Our chat with Tania…
I can’t remember when I knew I wanted to be a writer or when I started writing because both those things happened at a really young age for me. What I do remember is the first word I read for myself. I must have been about four and my mum was encouraging me to sound out the letters. Cuh. Aa. Ter. And suddenly, there it was: CAT. I’ll never forget that instant of epiphany. It was as if - for a moment - an actual cat had been conjured into existence. I think I’ve been trying to use words to conjure up things ever since.
My first book getting turned down was a bad time for me. I’d got an agent on the strength of the manuscript, and a couple of publishers had shown interest, and I’d convinced myself that it was going to happen. When the book was rejected by everyone, the disappointment was crushing. Plus, I’d just had my first baby and was feeling overwhelmed and a bit lost. I thought I should probably just give up on writing. But the idea made me so miserable, that I decided to reframe the whole thing. True, I’d been rejected, but I’d also come very close to not being rejected. Which meant the next book I wrote might have a chance. I think it’s easy to forget, when you’re starting out, that writing is a craft that you can – and will – get better at if you stick with it.
After my second book for children, The Secret Life of Daisy Fitzjohn, I got a letter from a girl telling me how much she loved the book, and in particular, the character of Frank, Daisy Fitzjohn’s imaginary friend. On a whim, I decided to send a thank you letter back, not from me, but from Frank. That was the start of almost a year of correspondence. As Frank, I wrote long letters describing my latest adventures, complete with pencil drawings. The girl replied with tales of her own imaginary friends and suggestions as to how Frank could get out of whatever difficulty she happened to be facing. The whole thing gave us both great joy!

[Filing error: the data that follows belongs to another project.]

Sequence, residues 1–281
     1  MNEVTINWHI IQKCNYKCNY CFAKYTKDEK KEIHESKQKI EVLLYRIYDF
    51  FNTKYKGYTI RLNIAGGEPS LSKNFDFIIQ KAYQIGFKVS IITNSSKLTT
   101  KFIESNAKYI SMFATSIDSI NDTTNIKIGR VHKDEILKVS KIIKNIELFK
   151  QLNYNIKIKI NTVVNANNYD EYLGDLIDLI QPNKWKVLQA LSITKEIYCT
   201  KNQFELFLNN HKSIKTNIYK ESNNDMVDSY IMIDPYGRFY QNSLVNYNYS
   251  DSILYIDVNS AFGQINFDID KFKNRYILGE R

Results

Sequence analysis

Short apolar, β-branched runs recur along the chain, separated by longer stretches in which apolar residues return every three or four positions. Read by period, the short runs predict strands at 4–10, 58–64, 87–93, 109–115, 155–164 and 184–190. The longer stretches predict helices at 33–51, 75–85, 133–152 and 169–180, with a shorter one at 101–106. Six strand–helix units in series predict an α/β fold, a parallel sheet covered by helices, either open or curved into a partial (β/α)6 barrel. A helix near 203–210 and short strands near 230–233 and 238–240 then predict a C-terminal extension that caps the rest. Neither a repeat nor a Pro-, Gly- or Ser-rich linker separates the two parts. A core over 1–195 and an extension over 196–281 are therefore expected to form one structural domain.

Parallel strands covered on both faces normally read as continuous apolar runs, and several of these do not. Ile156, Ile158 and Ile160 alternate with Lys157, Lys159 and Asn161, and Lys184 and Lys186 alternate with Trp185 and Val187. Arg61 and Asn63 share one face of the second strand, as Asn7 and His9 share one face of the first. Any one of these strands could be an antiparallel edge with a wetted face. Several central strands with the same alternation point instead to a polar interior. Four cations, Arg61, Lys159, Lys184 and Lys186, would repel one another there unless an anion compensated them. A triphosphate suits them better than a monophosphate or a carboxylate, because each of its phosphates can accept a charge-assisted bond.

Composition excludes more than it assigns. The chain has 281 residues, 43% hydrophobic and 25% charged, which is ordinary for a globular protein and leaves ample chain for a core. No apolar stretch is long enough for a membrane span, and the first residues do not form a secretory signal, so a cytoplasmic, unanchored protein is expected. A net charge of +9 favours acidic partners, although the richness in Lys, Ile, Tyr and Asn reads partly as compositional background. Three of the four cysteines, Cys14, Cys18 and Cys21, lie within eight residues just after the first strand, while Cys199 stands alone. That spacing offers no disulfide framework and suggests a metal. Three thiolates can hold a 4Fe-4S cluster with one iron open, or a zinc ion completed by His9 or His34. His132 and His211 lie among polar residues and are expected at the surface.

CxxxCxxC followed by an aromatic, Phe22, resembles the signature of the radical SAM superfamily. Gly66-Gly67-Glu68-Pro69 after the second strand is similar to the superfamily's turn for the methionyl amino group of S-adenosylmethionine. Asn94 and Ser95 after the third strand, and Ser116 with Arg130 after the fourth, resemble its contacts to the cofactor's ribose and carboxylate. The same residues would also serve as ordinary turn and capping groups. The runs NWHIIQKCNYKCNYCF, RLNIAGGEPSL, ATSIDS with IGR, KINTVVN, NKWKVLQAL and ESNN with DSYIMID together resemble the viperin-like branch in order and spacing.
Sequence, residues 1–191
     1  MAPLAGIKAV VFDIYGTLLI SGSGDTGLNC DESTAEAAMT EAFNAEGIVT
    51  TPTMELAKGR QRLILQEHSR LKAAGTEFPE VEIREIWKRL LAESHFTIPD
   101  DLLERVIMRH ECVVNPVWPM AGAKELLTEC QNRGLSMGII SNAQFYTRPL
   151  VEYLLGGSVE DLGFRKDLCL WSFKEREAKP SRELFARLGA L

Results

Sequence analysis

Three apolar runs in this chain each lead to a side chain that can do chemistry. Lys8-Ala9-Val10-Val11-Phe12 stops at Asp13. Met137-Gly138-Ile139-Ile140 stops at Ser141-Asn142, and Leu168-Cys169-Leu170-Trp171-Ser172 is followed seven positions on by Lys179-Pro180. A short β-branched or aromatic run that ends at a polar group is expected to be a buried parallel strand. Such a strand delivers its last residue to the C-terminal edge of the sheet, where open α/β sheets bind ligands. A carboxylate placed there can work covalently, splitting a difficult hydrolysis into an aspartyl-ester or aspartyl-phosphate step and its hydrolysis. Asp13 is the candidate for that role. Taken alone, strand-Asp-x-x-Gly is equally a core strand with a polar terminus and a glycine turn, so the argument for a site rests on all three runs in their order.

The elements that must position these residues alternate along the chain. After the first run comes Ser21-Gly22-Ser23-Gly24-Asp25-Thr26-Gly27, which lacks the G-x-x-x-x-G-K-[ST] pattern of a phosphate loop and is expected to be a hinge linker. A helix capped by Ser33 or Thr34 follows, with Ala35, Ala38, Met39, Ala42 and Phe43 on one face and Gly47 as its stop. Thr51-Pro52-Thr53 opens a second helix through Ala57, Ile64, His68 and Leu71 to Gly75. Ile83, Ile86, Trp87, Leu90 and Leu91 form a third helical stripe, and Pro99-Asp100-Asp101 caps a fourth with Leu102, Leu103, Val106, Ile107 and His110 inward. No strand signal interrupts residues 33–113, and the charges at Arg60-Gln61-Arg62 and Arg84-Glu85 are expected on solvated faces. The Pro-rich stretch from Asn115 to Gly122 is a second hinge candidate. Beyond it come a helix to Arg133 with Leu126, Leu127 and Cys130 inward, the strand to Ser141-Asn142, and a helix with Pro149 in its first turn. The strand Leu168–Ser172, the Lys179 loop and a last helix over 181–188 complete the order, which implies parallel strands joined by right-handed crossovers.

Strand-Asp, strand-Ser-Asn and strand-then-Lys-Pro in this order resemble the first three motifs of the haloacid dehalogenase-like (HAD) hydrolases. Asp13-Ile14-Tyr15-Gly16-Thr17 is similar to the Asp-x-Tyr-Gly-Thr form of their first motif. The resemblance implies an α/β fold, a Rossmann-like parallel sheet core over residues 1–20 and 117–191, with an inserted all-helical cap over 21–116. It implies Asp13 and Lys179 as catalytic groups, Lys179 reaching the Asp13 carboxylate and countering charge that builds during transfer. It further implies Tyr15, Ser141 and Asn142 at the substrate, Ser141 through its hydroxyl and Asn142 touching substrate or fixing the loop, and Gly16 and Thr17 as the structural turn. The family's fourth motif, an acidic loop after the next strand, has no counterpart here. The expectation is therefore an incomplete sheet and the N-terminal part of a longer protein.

A few years ago, I was giving a talk at a school in Connecticut, in the USA. During the question and answer session, a boy put up his hand and asked me if I was any good at doing an American accent. I told him I was terrible. A second later, the entire gathering of more than three hundred kids were doing a slow hand clap and chanting DO IT! DO IT! How did I respond? I tend – like a lot of people – to double down when I feel I’m being bullied. I drew myself up to my full height, gestured for silence, and said “Ay’m afrayd it is ebso-lutely out of the question!” in my best Queen of England voice. Amazingly, it worked!
Don’t go by what your mum says, because she’ll always say she loves your work. People who care for you will avoid hurting your feelings no matter what. And don’t go by the damning-with-faint-praise comments from people in your writing group, because writing groups can be weird and sometimes toxic. Instead, find two or three readers who know something about books and writing, and whose opinion you genuinely respect. Then listen to what they say. Try to separate yourself from your writing. Think of it as a small machine that you are trying to get to work. If one of your respected readers says you may need to add a pulley or two, and a lot of the cogs don’t actually serve any purpose, you don’t have to agree. But it should be because you objectively decide the advice won’t improve your machine, rather than out of a sense of hurt pride, or an over-attachment to your prose, or simply because you’ve been working so long on your project that you can’t bear to rewrite it all over again. A lot of people say they want readers to give them ‘an honest opinion’ when in fact what they want is to be given courage by being told their work is good. But being told the ways your work is not good (by someone you respect) is a hundred times more valuable, and (after the initial disappointment and secret outrage) far more likely to boost your courage. Because now you have a way forward to make your work better and more likely to be published.